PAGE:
Our Fabulous Friday topic this week is about re-booking procedures during irregular operations and airlines who actually fulfill their obligations and rebook passengers to alternate connections without resistance.
One example is my experience with British Airways last week which was delayed by just an hour in it’s departure but would have caused a misconnect in London with no further flights available that day.
Airlines usually shy away from moving passengers to other carrier during irregular operations such as a delay or cancellation and instead try to keep passengers on their own flights as then they don’t have to pay other carriers for the transportation.
Last week I had a revenue based Business Class ticket from Bangkok to Berlin via London Heathrow and the connection time was very tight:
Unfortunately it’s not possible to book a longer connection as this is the last flight of the day and that also meant that my chances of making this connection were zero when the the flight was delayed for 50 minutes in Bangkok.
The counter staff at BKK Airport informed me of the delay as well and offered me two options: Flying to London and getting a hotel overnight or to rebook me onto a different airline. I decided against the London option for various reasons:
1) I’d have to line up at LHR and get a hotel voucher, go through immigration and then take the horrible HotelHoppa bus to whatever hotel BA would book for me (probably some dump).
2) If I would ask BA to rebook me to another carrier I could double dip on mileage if on another alliance.
In any case I’d be eligible for the 600 Euro EC261/2004 compensation as my arrival wouldn’t be until the next morning.
I asked the staff to rebook me to the Lufthansa flight which leaves Bangkok 12 hours later which they promptly did. To be honest I was very surprised about their willingness to offer this option proactively without me having to push for it as it’s usually the case.
If memory serves me right though the airline was recently fined by a regulator for restrictive rebooking service when passengers encountered an irregular operation and maybe BA has sent an internal memo to their stations to follow the rules now.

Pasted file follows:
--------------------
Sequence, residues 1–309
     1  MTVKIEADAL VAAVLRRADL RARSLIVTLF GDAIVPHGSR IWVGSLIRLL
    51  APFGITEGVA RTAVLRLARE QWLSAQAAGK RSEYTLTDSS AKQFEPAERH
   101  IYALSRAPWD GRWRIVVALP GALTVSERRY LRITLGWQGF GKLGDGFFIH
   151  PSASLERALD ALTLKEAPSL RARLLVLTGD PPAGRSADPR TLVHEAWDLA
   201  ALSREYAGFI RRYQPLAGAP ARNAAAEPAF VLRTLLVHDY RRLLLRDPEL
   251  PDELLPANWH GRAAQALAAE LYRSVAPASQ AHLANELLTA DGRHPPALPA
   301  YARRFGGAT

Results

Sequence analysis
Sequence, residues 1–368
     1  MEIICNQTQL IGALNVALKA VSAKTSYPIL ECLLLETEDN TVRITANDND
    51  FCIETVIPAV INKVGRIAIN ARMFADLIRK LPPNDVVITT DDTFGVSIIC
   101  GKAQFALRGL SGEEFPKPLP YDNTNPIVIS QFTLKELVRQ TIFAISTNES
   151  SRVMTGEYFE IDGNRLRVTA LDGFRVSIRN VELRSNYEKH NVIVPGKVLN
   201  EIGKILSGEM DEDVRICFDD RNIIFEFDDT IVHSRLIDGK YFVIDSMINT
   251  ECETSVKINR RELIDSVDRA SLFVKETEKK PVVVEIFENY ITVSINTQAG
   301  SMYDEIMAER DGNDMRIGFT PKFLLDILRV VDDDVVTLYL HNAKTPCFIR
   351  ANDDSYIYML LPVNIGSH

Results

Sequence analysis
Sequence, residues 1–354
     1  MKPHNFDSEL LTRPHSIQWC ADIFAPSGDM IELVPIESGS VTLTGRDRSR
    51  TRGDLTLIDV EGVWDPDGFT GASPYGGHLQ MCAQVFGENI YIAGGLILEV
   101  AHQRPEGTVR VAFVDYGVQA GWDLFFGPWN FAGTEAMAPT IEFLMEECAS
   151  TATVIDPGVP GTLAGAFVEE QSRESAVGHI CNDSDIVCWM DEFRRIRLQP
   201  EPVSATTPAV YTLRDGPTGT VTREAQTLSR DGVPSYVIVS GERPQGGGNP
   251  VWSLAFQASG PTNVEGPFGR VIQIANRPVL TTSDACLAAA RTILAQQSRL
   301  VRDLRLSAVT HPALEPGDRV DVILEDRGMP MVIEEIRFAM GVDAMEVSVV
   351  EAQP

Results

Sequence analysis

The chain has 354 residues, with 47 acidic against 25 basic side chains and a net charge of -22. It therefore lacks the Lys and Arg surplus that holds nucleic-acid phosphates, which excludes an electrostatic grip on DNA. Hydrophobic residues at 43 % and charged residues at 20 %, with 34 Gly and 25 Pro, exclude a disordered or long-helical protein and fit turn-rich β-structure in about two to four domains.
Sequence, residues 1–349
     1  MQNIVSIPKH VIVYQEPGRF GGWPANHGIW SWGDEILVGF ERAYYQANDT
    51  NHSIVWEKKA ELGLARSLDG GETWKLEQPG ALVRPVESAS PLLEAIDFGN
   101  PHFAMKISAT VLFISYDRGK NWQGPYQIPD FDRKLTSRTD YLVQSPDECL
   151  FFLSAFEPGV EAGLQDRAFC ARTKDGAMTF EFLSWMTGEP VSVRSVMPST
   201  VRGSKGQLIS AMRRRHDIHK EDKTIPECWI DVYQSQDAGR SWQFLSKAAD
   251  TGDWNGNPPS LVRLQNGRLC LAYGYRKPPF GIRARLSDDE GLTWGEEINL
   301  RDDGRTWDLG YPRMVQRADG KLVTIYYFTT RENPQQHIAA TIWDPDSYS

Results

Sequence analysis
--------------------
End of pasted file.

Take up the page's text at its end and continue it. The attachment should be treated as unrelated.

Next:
On top of the Lufthansa flight being much better in Business Class than British Airways (BA uses one of their oldest B777 aircraft on the BKK route) I was rebooked into full J Class which together with the connection flight earned me almost 20,000 qualifying miles and 15,000 award miles on United Mileage Plus. I also immediately filed with British Airways Executive Club for Original Routing Credit which you can always do when an airline rebooks you to another connection based on irregular operations. Their customer service confirmed this credit would be issued soon.
I asked the station staff for proper printouts of the new connection, the new e-ticket number and to make sure that it bears the “INVOL” notation which is important if you want to claim any compensation or original routing credit.
Four days after I filed my EC261 compensation request online with British Airways Customer Service they confirmed that I’d be eligible and the appropriate compensation will be transferred to the bank account quoted.
My travel insurance will also pay $150 on top of this ($75 for each 6h delay) so that’ll turn out be a lucrative 12 hour period.
BA’s connections to Germany ex LHR are very poor to be honest considering the latest flights leave around 7pm which due to the 1 hour time difference let’s them land around 21:30-22:00. It also means that if an incoming longhaul passenger misses this flight due to even a slight delay then it’s pretty much game over for that day.
If you’re a bit flexible and know how the system works this could be a good example of “When life gives you lemons, just make some lemonade” and milk the situation for all it’s worth.
Suggest a routing on a different alliance and especially a better carrier while also making sure that the new connection will let you arrive above the threshold for EC261 compensation. The good thing about European carriers is that you are also covered by this provision when departing from foreign countries. Non-EU airlines only have to pay EU compensation when departing from EU countries.